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Dry Tortugas National Park  


Introduction

Park History

Journey

Outside Walls

Inside Walls

Garden Key

Other Islands

Vegetation

Birds

References


Perhaps the most unusual national park in the national park system is Dry Tortugas. It's one of the smallest, one of the most remote, and one of the least visited. But it's nevertheless a wonderful park, comprising seven small islands, coral reefs and other undersea attractions, and nesting areas for a variety of wild birds. The park includes some 64,657 acres of land above and below the water line.



The most noteworthy attraction is the striking brick behemoth known as Ft. Jefferson. Built to protect the southern coastline of the United States, due to flaws in the foundation and obsolescence brought on by improvements in weapon technology, the fort never fulfilled its intended purpose.

Park History

The first European to see the islands was Ponce de Leon, who visited in 1513. de Leon caught 160 sea turtles there and subsequently referred to the islands as the "Tortugas" (turtles). During the 1600's and 1700's the area around the was used by pirates as a base for attacking merchant shipping in the Gulf, although this activity was largely eliminated when the United Sates acquired Florida in 1821. In 1825 a lighthouse was built on Garden Key to provide warning to shipping about the dangers of reefs in and around the Tortugas chain.

In the aftermath of the War of 1812 a set of forts stretching from Maine to Texas was envisioned to provide defense for the young country. Fort Jefferson on the remote Tortugas was planned as the greatest of these forts. In 1845 the islands became a military reservation and construction on the fort began in 1846. In 1850 the officer's quarters were completed, and the fort was officially named for Thomas Jefferson. The walls didn't reach their final height of 45 feet until 1862.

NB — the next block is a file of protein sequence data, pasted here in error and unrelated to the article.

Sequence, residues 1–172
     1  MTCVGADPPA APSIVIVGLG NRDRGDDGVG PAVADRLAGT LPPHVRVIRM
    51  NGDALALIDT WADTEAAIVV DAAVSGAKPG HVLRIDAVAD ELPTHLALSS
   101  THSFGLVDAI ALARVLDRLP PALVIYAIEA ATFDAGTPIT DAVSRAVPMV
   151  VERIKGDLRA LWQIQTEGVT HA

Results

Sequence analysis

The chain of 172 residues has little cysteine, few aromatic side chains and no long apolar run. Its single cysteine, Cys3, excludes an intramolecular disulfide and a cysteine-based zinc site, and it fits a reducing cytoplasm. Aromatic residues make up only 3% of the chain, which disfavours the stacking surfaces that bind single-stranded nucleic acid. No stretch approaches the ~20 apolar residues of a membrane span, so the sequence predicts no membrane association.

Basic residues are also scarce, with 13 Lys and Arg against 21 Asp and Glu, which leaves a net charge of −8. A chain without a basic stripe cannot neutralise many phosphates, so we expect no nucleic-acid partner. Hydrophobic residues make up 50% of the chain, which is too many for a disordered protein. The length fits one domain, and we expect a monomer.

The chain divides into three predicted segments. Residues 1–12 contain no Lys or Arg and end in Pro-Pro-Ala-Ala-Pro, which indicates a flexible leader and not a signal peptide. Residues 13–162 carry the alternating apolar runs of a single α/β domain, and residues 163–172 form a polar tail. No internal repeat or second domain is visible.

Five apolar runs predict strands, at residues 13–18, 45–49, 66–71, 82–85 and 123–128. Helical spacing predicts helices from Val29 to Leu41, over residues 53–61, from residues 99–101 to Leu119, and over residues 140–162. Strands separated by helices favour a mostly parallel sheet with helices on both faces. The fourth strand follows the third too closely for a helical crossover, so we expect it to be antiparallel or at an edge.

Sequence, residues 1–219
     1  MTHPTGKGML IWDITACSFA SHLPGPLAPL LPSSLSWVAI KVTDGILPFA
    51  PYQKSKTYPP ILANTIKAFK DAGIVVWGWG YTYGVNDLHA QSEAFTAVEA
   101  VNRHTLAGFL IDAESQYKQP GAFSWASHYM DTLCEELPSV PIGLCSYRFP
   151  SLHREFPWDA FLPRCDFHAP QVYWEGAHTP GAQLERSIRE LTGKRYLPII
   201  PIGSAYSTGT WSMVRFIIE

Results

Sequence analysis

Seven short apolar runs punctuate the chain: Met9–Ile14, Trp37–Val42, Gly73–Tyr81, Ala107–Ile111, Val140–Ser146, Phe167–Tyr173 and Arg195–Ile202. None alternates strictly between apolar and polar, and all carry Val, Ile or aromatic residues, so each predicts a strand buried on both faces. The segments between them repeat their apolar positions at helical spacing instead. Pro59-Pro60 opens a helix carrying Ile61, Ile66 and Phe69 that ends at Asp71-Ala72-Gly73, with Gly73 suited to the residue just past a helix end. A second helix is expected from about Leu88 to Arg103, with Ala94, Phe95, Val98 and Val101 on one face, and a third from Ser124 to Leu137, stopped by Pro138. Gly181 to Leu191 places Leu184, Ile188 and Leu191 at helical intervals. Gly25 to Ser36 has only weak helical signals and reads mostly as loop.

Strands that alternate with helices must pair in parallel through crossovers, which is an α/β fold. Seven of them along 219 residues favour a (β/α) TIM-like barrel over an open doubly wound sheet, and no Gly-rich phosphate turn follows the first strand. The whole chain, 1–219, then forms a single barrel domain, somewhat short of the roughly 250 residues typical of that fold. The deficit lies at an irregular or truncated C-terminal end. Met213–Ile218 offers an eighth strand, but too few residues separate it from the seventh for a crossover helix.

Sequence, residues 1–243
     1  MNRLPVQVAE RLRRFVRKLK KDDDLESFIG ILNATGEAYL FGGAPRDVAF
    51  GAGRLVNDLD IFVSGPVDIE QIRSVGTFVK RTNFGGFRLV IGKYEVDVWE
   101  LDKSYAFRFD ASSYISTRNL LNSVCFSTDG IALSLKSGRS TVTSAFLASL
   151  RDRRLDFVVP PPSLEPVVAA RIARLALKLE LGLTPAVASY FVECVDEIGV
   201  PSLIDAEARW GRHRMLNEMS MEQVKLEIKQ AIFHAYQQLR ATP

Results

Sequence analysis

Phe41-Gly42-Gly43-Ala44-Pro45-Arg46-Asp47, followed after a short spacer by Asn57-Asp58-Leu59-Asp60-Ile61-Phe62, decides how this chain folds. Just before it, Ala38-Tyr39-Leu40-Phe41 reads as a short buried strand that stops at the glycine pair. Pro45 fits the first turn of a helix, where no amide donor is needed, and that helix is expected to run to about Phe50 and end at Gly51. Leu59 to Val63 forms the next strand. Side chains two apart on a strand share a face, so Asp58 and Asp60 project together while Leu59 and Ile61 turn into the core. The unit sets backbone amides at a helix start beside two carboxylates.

Construction on the fort dragged on for more than 30 years, and it was never really finished. In addition to the inconsistency of funding provided by Congress, the task was made difficult by the difficulty of shipping workers and supplies, as well as by the vagaries of weather in the Gulf. The invention of the rifled cannon during the Civil War rendered the walls of the fort vulnerable to destruction and made the fort itself somewhat obsolete.

During and after the Civil War the fort began to be used as a prison for deserters and other criminals. In 1874 the army completely abandoned the fort after several hurricanes and a yellow fever epidemic, and it wasn't until 1898 that the military returned in the form of the navy, which used the facilities during the Spanish-American War. The fort was also used from 1888 through 1900 as a quarantine station, and was garrisoned again briefly during World War I.

In 1908 the area was designated as a bird reserve and transferred to the Department of Agriculture. On January 4, 1935 it was designated as Fort Jefferson National Monument by President Franklin Roosevelt, the first marine area to be so protected. On October 26, 1992 the monument was upgraded to National Park status in a bill signed by President George Bush.

 

Journey to the Park

There's no "easy" way to get to the Tortugas. The islands are located about 70 miles west of Key West in the waters of the Straights of Florida. A four hour boat ride is necessary to cross the waters of the straight which connects the Atlantic Ocean and the Gulf of Mexico. Excursions are available on ferries by operated by several concessionaires, one of which can be seen below as it appeared in the 1996-1997 season.